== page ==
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ARS Home » Pacific West Area » Corvallis, Oregon » Horticultural Crops Research » Research » Publications at this Location » Publication #344716

Research Project: Improving the Quality of Grapes, Other Fruits, and their Products through Agricultural Management

Location: Horticultural Crops Research

Title: Vineyard floor management and cluster thinning inconsistently affect ‘Pinot noir’ crop load, berry composition, and wine quality

Author
item Reeve, Alison - Oregon State University
item Skinkis, Patricia - Oregon State University
item Vance, Amanda - Oregon State University
item Mclaughlin, Katherine - Oregon State University
item Tomasino, Elizabeth - Oregon State University
item Lee, Jungmin
item Tarara, Julie - Ste. Michelle Estates

Submitted to: HortScience
Publication Type: Peer Reviewed Journal
Publication Acceptance Date: 12/18/2017
Publication Date: 3/21/2018
Citation: Reeve, A.L., Skinkis, P.A., Vance, A.J., McLaughlin, K.R., Tomasino, E., Lee, J., Tarara, J.M. 2018. Vineyard floor management and cluster thinning inconsistently affect ‘Pinot noir’ crop load, berry composition, and wine quality. HortScience. 53(3):318-328. https://doi.org/10.21273/HORTSCI12682-17.
DOI: https://doi.org/10.21273/HORTSCI12682-17

Interpretive Summary: Top quality Oregon ‘Pinot noir’ winegrape vineyards commonly reduce yield by cluster thinning; the objective being increased fruit quality by reducing the burden upon the vines. A 3-year field study was conducted to determine relationships between crop load metrics and berry composition for ‘Pinot noir’ through the manipulation of vegetative growth (vine vigor) and fruit yield using competitive cover cropping and cluster thinning. Vine vigor was altered by perennial red fescue grown in both (Grass), one (Alternate), or none (Tilled) of the alleyways flanking the vine row. Cluster thinning was performed on half of the vines in each vineyard floor treatment, retaining one cluster per shoot (Half Crop), while the other vines had no clusters removed (Full Crop). The use of floor management treatments altered both canopy size and yield, due to altered nitrogen (N) status. However, crop load was considered to be altered when the yield/pruning weight ratio (Y:PW), rather than leaf area/yield ratio (LA:Y) was used. Sugar levels reached a maximum at similar LA:Y after two years, but achieving this canopy to yield ratio did not always result in desirable sugar levels. Yield had the greatest influence on pH and total anthocyanin concentration, during the coldest and highest yielding year. Wine sensory evaluation revealed no differences in quality for 2011 or 2012 produced wines. However, sensory panelists ranked 2013 wines from the Alternate-Half and -Full Crop treatments as high quality, and they rated wines from the Tilled-Half and -Full Crop treatments as low quality. Using crop load metrics to achieve acceptable sugar levels were unreliable in this study, although the relationships between other berry components and crop load could be explained by tissue N, photosynthetic photon flux, or yield. Cluster thinning to adjust yields may not alter source/sink relationships or crop load enough to overcome ripening limitations of cool climates, which may limit the benefit to subjective wine qualities.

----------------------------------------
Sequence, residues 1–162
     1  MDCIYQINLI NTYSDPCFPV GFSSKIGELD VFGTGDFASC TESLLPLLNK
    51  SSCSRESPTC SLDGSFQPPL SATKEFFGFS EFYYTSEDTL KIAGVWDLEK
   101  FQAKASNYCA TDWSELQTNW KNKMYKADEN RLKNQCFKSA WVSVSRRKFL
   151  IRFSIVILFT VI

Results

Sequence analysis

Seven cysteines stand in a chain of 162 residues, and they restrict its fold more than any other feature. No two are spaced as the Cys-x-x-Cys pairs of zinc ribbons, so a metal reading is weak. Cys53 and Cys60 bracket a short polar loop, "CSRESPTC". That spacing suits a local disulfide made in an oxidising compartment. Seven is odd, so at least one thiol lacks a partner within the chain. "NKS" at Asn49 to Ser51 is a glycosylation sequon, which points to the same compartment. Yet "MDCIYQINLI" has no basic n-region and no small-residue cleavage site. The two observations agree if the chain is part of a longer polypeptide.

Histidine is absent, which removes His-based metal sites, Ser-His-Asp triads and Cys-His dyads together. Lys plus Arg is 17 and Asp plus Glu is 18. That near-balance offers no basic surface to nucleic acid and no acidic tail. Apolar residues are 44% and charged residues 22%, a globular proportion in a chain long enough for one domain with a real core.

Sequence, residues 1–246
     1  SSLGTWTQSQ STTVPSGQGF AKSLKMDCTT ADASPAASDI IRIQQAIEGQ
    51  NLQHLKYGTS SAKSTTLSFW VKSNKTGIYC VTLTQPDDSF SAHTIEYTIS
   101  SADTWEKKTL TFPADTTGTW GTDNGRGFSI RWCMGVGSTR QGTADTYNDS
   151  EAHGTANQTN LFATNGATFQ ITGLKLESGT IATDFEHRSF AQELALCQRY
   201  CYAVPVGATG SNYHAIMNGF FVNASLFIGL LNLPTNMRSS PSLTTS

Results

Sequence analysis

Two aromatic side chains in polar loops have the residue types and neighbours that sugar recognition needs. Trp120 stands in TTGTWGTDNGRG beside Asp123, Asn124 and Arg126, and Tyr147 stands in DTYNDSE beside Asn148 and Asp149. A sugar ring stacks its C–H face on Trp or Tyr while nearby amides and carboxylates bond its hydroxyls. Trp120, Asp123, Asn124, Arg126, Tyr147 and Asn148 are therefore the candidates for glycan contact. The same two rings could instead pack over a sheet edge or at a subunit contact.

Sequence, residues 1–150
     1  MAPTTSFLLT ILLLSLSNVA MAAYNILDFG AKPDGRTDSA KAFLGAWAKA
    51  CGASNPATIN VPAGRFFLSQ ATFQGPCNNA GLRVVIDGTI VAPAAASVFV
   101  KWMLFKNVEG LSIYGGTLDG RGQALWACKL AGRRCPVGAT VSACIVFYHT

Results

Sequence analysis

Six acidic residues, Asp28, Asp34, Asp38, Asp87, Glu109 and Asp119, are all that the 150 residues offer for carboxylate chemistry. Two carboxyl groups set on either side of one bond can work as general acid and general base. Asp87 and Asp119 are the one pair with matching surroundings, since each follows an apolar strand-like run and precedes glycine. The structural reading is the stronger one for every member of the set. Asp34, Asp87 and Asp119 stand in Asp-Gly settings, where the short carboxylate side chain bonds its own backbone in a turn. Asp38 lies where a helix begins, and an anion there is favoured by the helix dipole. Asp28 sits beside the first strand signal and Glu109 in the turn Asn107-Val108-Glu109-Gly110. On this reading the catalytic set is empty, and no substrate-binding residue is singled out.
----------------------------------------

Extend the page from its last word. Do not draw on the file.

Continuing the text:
Technical Abstract: A 3-year field study was developed to determine relationships between crop load metrics and berry composition for ‘Pinot noir’ in a cool-climate through the manipulation of vegetative growth and fruit yield using competitive cover cropping and cluster thinning, respectively. To alter vine vigor, perennial red fescue (Festuca rubra L.) was grown in both (Grass), one (Alternate), or none (Tilled) of the alleyways flanking the vine row while the remaining alleyways were cultivated. Cluster thinning was performed on half of the vines in each vineyard floor treatment, retaining one cluster per shoot (Half Crop), while the other vines had no clusters removed (Full Crop). The use of floor management treatments altered both canopy size and yield, due to altered nitrogen (N) status. However, crop load was considered to be altered when the yield:pruning weight ratio (Y:PW), rather than leaf area to yield ratio (LA:Y) was used. TSS reached a maximum at similar LA:Y in two years, but achieving this canopy to yield ratio did not always result in desirable TSS. Yield had the greatest influence on pH and total anthocyanin in the highest yielding, coolest year. Sensory evaluation revealed no differences in wine quality for wines produced in 2011 or 2012. However, 2013 wines made from both Alternate-Half and -Full Crop treatments were ranked as high quality and wines from both Tilled-Half and -Full Crop treatments were ranked low quality by consumers and winemaker panelists. Using crop load metrics to achieve acceptable TSS was unreliable in the varied seasons experienced in this study and the relationships between other berry components and crop load could be explained by tissue N, photosynthetic photon flux, and/or yield. Cluster thinning to adjust yields may not alter source:sink relationships or crop load enough to overcome ripening limitations of cool climates and may have limited impact on wine sensory.